160

I am trying to do the following, in a clear pythonic way:

def remove_prefix(str, prefix):
    return str.lstrip(prefix)

print remove_prefix('template.extensions', 'template.')

This gives:

xtensions

Which is not what I was expecting (extensions). Obviously (stupid me), because I have used lstrip wrongly: lstrip will remove all characters which appear in the passed chars string, not considering that string as a real string, but as "a set of characters to remove from the beginning of the string".

Is there a standard way to remove a substring from the beginning of a string?

2
274

I don't know about "standard way".

def remove_prefix(text, prefix):
    if text.startswith(prefix):
        return text[len(prefix):]
    return text  # or whatever

As noted by @Boris and @Stefan, on Python 3.9+ you can use

text.removeprefix(prefix)

with the same behavior.

4
  • 24
    Starting in Python 3.9, you can use removeprefix. For an example see this answer.
    – Stefan
    May 27 '20 at 18:53
  • Cool! Note: the behavior of the new function is exactly as in this answer (returning the string unchanged if it does not start with prefix)
    – Elazar
    May 27 '20 at 23:50
  • This is perfect for trimming hh:mm:ss leading zeros without harming significant zeroes. I replaced leading '0:' and then '0' to null. This allow 10: to remain intact along with 5:08. Oct 18 '20 at 2:19
  • removeprefix — better late than never.
    – martineau
    Feb 24 at 21:40
59

Short and sweet:

def remove_prefix(text, prefix):
    return text[text.startswith(prefix) and len(prefix):]
12
  • 5
    @jamylak it's like the "ternary" and-or, but correct :) ... +1, although I think it's a bit too clever for real code. And you can't decide you want it to raise an exception otherwise.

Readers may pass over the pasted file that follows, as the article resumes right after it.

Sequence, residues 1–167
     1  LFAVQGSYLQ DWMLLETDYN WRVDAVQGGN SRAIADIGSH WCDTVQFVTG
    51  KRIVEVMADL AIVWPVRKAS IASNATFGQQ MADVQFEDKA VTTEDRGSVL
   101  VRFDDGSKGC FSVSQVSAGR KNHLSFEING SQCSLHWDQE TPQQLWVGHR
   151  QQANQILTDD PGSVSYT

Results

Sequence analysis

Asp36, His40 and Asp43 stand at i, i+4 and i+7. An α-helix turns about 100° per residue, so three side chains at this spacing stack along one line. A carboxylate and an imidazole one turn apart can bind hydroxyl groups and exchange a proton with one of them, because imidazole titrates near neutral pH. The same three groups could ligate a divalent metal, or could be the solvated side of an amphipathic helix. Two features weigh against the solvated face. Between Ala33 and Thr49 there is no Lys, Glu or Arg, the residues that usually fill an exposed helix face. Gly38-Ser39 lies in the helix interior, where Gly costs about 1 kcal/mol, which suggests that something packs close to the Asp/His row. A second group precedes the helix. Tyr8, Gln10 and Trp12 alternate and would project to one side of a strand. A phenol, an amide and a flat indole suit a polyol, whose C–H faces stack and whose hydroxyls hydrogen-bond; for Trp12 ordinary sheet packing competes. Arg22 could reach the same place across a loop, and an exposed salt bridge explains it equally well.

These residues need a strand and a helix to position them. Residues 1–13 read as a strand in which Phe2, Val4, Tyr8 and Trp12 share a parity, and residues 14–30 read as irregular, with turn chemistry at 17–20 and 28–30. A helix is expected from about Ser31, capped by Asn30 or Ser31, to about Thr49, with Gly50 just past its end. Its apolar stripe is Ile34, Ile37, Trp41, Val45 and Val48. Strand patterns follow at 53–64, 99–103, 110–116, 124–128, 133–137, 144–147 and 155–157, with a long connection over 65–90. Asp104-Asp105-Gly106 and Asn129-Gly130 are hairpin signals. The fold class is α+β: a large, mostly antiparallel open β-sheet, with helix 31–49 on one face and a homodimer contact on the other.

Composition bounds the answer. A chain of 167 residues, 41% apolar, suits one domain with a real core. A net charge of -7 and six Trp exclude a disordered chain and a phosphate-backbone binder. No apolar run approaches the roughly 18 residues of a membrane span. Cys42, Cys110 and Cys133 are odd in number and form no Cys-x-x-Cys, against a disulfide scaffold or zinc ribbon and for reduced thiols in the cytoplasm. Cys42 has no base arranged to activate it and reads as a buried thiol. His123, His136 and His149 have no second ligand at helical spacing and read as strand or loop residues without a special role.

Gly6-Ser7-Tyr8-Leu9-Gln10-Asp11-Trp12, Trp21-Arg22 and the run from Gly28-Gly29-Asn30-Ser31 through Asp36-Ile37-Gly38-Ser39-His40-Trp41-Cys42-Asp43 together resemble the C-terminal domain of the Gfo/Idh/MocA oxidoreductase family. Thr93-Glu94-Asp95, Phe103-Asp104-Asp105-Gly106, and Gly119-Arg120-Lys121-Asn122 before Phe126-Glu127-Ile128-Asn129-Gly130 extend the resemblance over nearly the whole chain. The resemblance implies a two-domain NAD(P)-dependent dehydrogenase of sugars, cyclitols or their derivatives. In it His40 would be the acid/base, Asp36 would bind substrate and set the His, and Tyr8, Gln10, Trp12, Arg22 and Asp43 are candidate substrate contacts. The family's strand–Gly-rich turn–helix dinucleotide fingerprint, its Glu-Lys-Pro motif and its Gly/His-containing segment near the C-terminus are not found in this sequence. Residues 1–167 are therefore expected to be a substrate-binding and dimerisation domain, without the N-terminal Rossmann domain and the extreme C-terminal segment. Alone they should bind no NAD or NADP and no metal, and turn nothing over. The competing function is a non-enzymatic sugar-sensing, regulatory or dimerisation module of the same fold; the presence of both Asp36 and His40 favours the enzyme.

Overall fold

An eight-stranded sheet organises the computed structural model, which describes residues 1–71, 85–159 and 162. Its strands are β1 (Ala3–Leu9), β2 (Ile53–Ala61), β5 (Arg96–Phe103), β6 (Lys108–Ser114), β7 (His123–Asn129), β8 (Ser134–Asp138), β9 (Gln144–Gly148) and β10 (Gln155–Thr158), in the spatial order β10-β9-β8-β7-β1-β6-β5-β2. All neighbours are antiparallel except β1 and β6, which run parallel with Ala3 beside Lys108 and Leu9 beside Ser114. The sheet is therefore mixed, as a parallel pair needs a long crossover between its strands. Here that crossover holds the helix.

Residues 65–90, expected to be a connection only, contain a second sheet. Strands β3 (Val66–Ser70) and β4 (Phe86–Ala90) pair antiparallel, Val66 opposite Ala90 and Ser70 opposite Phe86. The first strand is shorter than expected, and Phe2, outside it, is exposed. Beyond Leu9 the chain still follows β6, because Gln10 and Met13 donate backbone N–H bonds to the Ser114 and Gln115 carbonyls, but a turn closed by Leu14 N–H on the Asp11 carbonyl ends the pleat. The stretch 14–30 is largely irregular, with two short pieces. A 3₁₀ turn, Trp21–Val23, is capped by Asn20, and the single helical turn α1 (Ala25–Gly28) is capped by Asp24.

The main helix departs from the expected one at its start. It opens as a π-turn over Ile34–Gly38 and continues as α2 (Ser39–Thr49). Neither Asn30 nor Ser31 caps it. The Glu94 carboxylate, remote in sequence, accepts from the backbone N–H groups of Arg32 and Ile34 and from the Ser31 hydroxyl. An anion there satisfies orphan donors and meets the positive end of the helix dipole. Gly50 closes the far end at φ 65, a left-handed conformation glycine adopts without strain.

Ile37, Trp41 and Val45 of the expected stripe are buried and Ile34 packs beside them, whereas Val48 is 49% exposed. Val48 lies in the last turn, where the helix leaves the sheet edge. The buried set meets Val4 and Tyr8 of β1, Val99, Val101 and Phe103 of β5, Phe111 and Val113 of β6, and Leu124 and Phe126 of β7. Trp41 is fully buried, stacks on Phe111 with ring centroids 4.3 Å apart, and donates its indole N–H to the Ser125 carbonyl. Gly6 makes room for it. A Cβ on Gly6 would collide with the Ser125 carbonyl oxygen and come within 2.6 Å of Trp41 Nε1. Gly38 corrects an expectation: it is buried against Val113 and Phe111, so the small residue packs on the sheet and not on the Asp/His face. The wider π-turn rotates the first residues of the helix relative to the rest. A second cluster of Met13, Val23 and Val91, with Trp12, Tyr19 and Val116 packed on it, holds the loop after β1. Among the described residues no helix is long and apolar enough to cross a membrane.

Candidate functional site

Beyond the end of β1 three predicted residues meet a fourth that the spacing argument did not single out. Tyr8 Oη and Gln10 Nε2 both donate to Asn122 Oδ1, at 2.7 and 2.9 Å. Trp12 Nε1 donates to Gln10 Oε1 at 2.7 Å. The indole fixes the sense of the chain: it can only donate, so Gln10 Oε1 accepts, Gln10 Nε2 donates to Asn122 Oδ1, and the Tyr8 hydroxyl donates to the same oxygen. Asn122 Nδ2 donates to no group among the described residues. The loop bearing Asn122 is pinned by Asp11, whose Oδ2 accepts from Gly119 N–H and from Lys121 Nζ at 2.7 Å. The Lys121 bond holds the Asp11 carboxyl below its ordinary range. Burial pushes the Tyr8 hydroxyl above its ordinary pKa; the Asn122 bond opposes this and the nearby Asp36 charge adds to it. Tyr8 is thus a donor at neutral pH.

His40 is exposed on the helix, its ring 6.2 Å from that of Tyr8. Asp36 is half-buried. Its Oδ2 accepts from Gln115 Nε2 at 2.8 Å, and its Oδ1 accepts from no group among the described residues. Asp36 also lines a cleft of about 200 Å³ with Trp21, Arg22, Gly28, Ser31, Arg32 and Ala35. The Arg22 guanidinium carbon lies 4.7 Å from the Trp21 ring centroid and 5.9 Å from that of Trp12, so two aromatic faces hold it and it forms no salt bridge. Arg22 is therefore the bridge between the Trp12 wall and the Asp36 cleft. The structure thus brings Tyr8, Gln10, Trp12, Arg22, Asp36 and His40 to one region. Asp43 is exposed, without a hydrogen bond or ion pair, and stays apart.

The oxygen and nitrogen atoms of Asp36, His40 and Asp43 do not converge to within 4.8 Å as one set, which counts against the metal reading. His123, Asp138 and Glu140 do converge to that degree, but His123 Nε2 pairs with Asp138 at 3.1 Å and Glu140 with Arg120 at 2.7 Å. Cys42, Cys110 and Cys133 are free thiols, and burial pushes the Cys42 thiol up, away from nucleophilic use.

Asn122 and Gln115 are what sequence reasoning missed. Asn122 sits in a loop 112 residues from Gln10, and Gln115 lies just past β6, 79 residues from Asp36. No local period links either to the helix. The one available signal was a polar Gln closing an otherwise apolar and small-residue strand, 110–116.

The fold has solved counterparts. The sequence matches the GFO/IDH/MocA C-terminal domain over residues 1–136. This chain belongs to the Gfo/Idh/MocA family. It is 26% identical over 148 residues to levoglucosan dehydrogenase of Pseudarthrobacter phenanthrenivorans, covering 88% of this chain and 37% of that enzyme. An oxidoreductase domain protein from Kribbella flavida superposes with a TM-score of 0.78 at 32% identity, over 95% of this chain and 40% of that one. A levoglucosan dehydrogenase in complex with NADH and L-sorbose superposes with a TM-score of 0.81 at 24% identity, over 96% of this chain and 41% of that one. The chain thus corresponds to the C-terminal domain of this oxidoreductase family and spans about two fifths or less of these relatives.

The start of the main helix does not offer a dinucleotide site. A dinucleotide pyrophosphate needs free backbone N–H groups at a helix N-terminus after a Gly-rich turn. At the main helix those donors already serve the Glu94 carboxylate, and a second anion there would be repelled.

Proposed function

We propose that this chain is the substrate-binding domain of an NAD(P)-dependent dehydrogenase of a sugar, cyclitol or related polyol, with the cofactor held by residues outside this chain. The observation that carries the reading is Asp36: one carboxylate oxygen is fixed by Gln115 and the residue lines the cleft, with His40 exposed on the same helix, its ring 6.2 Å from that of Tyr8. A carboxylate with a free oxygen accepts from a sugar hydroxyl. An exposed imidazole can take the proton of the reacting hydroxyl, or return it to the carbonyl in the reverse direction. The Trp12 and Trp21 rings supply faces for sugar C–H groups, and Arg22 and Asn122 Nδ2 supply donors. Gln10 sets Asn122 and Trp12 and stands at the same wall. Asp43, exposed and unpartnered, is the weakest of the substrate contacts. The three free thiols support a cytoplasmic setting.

– Elazar
    Jun 3 '13 at 9:15
  • 6
    Well you definitely have to think a lot longer when reviewing code like this in comparison to the accepted answer, even if you work with Python more often.
    – Thomas
    Aug 13 '20 at 14:37
  • 2
    Downvoted. This is the kind of unnecessary clever stuff that makes reading even MY OWN CODE more difficult.
    – MrR
    Dec 20 '20 at 2:18
  • 1
    @MrR: Python also has another, frequently underused, feature: comments.
    – martineau
    Dec 20 '20 at 5:33
  • 1
    Comments risk becoming detached from the code they refer to, so are a far cry from a panacea for code clarification. I much prefer code that's self-commenting.
    – MrR
    Dec 27 '20 at 4:43
44

What about this (a bit late):

def remove_prefix(s, prefix):
    return s[len(prefix):] if s.startswith(prefix) else s
2
  • +1 Concise. But can you make it Raise something in the error case, and still fit it in 2 lines x 80 columns? Sep 22 '17 at 23:26
  • 4
    @personal_cloud: return s[s[:len(prefix)].index(prefix) + len(prefix):] Dec 21 '17 at 19:21
13

I think you can use methods of the str type to do this. There's no need for regular expressions:

def remove_prefix(text, prefix):
    if text.startswith(prefix): # only modify the text if it starts with the prefix
         text = text.replace(prefix, "", 1) # remove one instance of prefix
    return text
1
  • The most elegant solution so far. Sep 15 at 7:22
10

regex solution (The best way is the solution by @Elazar this is just for fun)

import re
def remove_prefix(text, prefix):
    return re.sub(r'^{0}'.format(re.escape(prefix)), '', text)

>>> print remove_prefix('template.extensions', 'template.')
extensions
0
1
def remove_prefix(str, prefix):
    if str.startswith(prefix):
        return str[len(prefix):]
    else:
        return str

As an aside note, str is a bad name for a variable because it shadows the str type.

0

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